DAVIES, JOHN GLYN (1870 - 1953), scholar, songwriter and poet

Name: John Glyn Davies
Date of birth: 1870
Date of death: 1953
Spouse: Hettie Davies (née Williams)
Parent: Gwen Davies (née Jones)
Parent: John Davies
Gender: Male
Occupation: scholar, songwriter and poet
Area of activity: Literature and Writing; Music; Poetry; Scholarship and Languages
Author: Robert Geraint Gruffydd

Born 22 October 1870 at 55 Peel St., Sefton Park, Liverpool, son of John and Gwen Davies. His father was a tea merchant, and his mother was a daughter of John Jones, Tal-y-sarn; George Maitland Lloyd Davies, Stanley Davies and Captain Frank Davies were his brothers. He was educated at the Liverpool Institute. He worked with the sailing boat companies Rathbone Brothers (1887-92) and The Cambrian (1892-95), with Henry Tate and Sons (1895-96) and then with the Mines Corporation of New Zealand (1896-98). After returning home (via the U.S.A.) he was persuaded by Thomas Edward Ellis and others to bring together a Welsh library at the University College of Wales, Aberystwyth, which could later form the nucleus of a National Library of Wales. He commenced the task at Aberystwyth in 1899, but after much labour he became dissatisfied with his terms of employment. In 1907 he was appointed to the staff of the library of the University of Liverpool and later as assistant to Professor Kuno Meyer in the Celtic department of the University. When Meyer retired in 1920, Glyn Davies was appointed head of the department and remained in that post until he retired in 1936; he lived at Mostyn and Denbigh. After retiring he lived at Cambridge, Llandegfan, Llannarth (Cards.), and at Llanfairfechan where he died 11 November 1953. He married, 18 July 1908, Hettie Williams, Newquay, Cards. and they had a son and three daughters.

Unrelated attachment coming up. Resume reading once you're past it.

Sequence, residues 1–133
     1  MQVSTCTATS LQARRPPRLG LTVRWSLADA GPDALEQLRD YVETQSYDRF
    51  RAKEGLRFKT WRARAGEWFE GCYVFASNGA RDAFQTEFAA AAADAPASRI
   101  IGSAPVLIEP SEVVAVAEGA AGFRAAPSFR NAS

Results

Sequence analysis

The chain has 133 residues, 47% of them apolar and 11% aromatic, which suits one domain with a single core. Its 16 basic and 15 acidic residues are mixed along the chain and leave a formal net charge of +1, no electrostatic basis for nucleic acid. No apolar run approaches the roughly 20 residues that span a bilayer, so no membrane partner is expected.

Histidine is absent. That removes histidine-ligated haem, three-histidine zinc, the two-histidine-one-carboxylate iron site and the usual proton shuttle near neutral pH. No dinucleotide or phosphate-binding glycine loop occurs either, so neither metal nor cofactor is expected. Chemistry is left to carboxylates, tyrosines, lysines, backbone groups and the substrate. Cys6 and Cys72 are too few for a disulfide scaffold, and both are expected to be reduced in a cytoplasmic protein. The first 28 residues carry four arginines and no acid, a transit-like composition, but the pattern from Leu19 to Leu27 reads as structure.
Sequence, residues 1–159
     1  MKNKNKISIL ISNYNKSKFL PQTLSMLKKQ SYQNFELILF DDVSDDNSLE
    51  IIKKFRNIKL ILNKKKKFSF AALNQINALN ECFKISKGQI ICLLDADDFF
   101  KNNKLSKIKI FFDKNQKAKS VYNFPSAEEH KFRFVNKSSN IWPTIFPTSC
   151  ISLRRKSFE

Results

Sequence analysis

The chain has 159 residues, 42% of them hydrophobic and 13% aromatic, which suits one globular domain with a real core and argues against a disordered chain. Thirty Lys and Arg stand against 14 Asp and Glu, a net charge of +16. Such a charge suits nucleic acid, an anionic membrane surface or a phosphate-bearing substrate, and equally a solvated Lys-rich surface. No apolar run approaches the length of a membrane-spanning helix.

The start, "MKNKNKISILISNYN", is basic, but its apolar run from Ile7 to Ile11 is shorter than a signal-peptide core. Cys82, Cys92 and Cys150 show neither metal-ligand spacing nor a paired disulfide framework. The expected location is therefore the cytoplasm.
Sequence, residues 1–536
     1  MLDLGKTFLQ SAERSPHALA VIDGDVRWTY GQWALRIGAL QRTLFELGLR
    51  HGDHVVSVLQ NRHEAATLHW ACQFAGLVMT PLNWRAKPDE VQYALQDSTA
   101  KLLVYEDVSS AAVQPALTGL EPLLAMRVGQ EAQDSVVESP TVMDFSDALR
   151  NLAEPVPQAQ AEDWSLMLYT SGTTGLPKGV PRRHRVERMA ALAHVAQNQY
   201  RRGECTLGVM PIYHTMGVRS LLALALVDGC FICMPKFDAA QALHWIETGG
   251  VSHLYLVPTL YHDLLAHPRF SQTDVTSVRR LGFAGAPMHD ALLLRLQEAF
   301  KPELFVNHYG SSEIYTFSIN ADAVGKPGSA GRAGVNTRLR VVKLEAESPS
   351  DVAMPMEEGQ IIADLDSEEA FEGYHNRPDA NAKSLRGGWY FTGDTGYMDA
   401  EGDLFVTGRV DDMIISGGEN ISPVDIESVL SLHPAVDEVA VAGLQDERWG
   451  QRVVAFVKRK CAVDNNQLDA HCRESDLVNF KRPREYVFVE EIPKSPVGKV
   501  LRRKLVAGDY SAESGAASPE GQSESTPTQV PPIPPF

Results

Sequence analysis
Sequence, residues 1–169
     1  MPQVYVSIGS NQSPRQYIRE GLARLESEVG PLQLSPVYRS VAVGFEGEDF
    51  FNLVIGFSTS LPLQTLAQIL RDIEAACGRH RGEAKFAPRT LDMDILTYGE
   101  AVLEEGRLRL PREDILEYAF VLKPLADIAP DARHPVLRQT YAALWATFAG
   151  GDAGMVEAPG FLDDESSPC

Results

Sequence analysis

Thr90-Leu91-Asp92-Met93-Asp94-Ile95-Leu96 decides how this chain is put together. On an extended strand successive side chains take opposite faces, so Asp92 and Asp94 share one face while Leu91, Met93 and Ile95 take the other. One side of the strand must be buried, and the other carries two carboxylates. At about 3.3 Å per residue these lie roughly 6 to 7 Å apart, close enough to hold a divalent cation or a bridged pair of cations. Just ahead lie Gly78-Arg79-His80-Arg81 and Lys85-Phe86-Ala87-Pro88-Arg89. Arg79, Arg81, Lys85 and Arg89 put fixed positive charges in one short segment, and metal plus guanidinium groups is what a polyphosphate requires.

Despite his undisputed abilities and his promising early work, his contribution to Welsh scholarship proved to be erratic and uneven. However, his songs for children in Cerddi Huw Puw (1923), Cerddi Robin Goch (1935) and Cerddi Portinllaen (1936), many of which are based on sailors ' songs he had heard during his youth, bear the marks of a genius. His posthumous book of poems, Cerddi Edern a cherddi ereill (1955), contains many lyrics which will undoubtedly live. One could add that his reminiscences of the Welsh society he knew early in life, and his comments on it, are always interesting and very penetrating.

Author

Published date: 2001

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